Here’s an overview of your main legal requirements as a landlord. We’ll make sure you meet these regulations when required as part of our full property management service.
All landlords are required to provide a valid Energy Performance Certificate (EPC) for their rented property, issued by an approved EPC assessor.
This certificate will show the energy efficiency rating of your property, based on a scale from A (the most energy efficient) to G (the least efficient). An EPC lasts for 10 years and can be used for multiple tenancies throughout that period.
At Gateway Residential, we work in partnership with experienced EPC assessors to produce a swift report, avoiding any delays in marketing your property.
Landlords in the Private Rented Sector (PRS) must ensure every electrical installation in their residential premises is inspected and tested at intervals of no more than 5 years by a qualified and competent person.
Following the inspection and testing, a private landlord must –
A landlord must make sure that every gas appliance and gas installation pipe work owned by them is checked for safety at lease once a year, avoiding the risk of carbon monoxide poisoning.
Inspections need to be carried out by a registered engineer (formerly from the Corgi Register; now the Gas Safe Register), who will assess installation and maintenance.
You should keep accurate records of these safety inspections and have a current Gas Safe safety certificate to hand.
This certificate must always be available for a tenant to see before occupying a property. These regulations first came into force in 1994, with subsequent updates.
Landlords are legally required to put working smoke alarms on every floor of their property where there is a room used wholly or partially as living accommodation.
Landlords must also put working carbon monoxide alarms in every room with an appliance that burns, or is capable of burning, solid fuel (not gas or gas boilers). This includes log and coal burning stoves and open fires, even if these are not normally in use.
The regulations apply to houses and flats and failure to comply can lead to a civic penalty of up to £5,000.
Read all about the fundamentals of being a landlord, from what’s required when handling a tenant’s deposit to gaining consent to let and your insurance options.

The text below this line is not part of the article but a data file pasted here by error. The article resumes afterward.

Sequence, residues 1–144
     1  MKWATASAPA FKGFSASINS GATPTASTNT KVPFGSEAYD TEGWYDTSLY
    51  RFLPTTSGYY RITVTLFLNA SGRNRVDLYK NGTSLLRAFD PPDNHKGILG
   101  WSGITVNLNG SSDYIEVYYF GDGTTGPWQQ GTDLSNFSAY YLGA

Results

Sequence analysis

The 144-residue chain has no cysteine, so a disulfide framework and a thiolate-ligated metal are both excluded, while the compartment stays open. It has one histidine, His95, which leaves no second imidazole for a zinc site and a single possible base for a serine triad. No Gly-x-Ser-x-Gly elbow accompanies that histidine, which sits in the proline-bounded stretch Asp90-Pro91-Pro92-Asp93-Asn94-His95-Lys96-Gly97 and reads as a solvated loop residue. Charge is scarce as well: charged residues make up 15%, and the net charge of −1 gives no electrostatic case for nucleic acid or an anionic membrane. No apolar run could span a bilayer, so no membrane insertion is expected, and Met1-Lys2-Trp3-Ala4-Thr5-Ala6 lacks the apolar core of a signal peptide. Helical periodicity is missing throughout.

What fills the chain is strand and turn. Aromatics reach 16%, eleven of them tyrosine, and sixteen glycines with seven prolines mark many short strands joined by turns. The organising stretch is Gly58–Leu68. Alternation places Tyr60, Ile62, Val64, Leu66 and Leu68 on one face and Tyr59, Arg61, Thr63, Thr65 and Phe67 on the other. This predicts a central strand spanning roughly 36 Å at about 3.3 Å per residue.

When taking a deposit for an Assured Shorthold Tenancy (AST) in England or Wales (the default legal category of residential tenancy), all landlords – or their letting agents – must register key details and safeguard the money held.
This is achieved by using a government-approved Tenancy Deposit Scheme (TDS). The Housing Act 2004 refers and more details can be found online. Separate schemes apply in Scotland and Northern Ireland.
We’ll collect the deposit on your behalf and administer the Tenancy Deposit Scheme (TDS). We can also provide our full management service, which takes care of everything on your behalf. Once a contract is terminated, we’ll refund, or apportion, the deposit as agreed by you and the tenant in a quick and timely manner.
Before deciding on how you'd like to manage your deposits, speak to us as we’ll be happy to provide some free guidance. Most likely, we’ll recommend that you lodge your tenant’s deposit with the Deposit Protection Service (DPS) within 14 days. The DPS is the only free scheme available and is open to all landlords and letting agents.
For further information, go to depositprotection.com and it’s worth visiting the Tenancy Deposit Scheme (TDS) too, at thedisputeservice.co.uk (authorised by the Department for Communities and Local Government).
If you have a mortgage on the property you wish to rent out, you must first obtain consent from your mortgage lender.
You should also check whether you own your property freehold or have a lease. If the latter, your lease may require you to obtain consent from your landlord before sub-letting it.
Depending on your circumstances, you may be responsible for insuring the building.
Comprehensive buildings insurance policies will cover damage caused by flood, fire, storm, subsidence (normally) and a number of other risks (perils). You may also wish to consider Rent & Legal Protection.
Our associated company can advise you on what’s best. For further details, visit our subsidiary company: Associated Insurance Services.